A breakthrough in stopping brain metastases -- before it begins

14 April 2019

It's one of our most vital organs, and your support is helping protect it. The brain is central to our health but it is also where cancer will spread for 4 in 10 people living with cancer — most commonly breast, colon, kidney, lung or skin cancer.

Brain metastases is a unique form of cancer and unfortunately, very difficult to treat. But, as a caring Canadian Cancer Society supporter, you are helping prevent this and instead, helping to drive progress.

Your contributions have helped to back a transformative study by Dr Sheila Singh and her team: the first ever of its kind, which thoroughly investigated the pre-metastatic stage — a previously unknown area.

"Brain metastases is an understudied field," says Dr Singh, citing the importance of closely exploring it, through your support. "When we diagnose it in patients, we know that they have a primary cancer and all of a sudden, they have a secondary cancer in their brain. We really don’t have a clear idea of the process in between — only a start and an endpoint."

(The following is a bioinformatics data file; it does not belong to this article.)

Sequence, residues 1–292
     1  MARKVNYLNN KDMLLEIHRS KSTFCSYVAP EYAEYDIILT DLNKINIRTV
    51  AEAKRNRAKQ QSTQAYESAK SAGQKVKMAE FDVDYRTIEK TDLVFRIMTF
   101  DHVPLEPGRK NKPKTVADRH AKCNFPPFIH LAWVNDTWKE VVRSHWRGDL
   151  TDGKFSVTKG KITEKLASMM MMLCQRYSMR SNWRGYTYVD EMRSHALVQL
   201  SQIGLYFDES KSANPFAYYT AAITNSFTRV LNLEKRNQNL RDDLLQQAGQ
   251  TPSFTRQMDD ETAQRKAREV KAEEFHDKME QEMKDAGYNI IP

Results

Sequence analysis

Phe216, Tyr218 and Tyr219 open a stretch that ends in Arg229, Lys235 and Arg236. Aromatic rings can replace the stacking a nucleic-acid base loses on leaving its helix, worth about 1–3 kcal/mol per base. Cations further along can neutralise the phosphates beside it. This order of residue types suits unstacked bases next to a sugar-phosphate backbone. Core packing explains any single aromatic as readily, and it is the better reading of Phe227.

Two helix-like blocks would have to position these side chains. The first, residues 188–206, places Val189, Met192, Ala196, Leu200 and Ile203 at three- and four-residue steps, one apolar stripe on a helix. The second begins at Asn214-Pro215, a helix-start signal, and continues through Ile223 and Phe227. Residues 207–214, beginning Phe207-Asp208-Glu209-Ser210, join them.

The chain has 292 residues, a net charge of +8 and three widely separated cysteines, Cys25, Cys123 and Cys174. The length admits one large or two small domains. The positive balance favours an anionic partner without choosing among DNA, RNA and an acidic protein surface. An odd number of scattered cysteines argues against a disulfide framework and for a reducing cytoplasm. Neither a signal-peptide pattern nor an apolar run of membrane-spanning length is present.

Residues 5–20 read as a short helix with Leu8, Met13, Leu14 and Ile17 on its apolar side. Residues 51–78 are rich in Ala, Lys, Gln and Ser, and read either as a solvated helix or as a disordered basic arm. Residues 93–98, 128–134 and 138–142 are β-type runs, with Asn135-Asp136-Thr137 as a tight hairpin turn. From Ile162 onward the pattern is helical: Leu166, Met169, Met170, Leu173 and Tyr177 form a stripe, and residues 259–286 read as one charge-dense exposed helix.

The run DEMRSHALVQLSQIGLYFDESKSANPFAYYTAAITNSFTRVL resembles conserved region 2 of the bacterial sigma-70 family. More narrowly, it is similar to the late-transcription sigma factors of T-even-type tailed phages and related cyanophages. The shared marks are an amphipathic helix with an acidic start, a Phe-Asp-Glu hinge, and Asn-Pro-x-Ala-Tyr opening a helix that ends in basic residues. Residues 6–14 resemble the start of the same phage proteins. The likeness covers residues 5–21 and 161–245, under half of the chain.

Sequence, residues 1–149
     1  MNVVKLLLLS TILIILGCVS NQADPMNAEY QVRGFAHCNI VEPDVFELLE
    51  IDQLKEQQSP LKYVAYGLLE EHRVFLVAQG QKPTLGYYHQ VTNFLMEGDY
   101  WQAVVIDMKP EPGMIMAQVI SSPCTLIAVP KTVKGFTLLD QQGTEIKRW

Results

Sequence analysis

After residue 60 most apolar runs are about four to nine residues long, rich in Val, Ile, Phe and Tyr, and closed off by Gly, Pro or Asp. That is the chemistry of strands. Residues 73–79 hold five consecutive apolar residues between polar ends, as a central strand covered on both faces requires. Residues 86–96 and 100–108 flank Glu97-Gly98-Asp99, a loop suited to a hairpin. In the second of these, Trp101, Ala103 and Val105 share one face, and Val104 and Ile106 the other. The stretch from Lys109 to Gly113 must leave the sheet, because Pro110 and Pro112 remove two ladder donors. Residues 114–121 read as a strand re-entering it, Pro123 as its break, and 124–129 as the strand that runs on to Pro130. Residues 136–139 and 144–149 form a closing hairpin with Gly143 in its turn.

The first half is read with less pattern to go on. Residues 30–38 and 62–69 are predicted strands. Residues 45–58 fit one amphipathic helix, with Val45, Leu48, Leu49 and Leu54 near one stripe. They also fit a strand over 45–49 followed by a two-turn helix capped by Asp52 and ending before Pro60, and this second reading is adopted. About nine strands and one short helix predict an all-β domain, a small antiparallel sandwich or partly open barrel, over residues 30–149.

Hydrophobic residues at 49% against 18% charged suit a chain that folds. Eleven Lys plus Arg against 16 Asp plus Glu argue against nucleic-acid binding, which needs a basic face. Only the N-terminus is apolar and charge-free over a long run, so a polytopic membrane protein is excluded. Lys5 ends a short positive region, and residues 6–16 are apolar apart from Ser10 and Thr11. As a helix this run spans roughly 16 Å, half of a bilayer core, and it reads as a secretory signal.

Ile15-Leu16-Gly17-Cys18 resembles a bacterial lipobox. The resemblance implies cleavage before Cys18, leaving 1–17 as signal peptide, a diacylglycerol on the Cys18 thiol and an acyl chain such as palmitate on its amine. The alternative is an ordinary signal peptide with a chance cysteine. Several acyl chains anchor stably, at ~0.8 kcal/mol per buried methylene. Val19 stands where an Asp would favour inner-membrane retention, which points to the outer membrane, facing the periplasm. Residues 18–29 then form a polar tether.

Thankfully, this important study is helping to shed light on the critical stage of cancer spread.
lifesaving research
"The money you donate to CCS enables the most innovative discoveries. These discoveries may take a long time, but you can rest assured that there will be a big, long-term payoff when they lead to some new kind of therapy or cure," says Dr. Sheila Singh, pictured here (at back) with her team.

With the help of your support, Dr Singh and her team developed an innovative way to study brain metastases at the pre-metastatic stage — specifically looking to when lung cancer cells have spread but not yet formed a tumour.

"We were able to track cancer cells through every stage of how they get to the brain,” she explains. “We could capture every step of the metastatic process."

And, once they could truly understand it, they could look for ways to treat it. They found that a drug called apomorphine can prevent brain tumour formation by specifically targeting pre-metastatic cancer cells – a thrilling result they hope to use to tackle other forms of cancer metastases.
"There are almost no targeted therapies for brain metastases. Our research provides a model," she adds. "That, in itself, is a big breakthrough."

She hopes to find a drug that could target pre-metastatic genes, allowing her to treat those at risk upfront to stop the spread of cancer cells, long before a second tumour forms.

"If you can cure brain metastases before they are full blown or prevent them altogether, you’re going to give these cancer survivors, who are already surviving their primary cancers, an even longer lifespan," she says.

This big breakthrough could only happen thanks to YOU. Thank you for supporting Canadians living with metastatic cancer.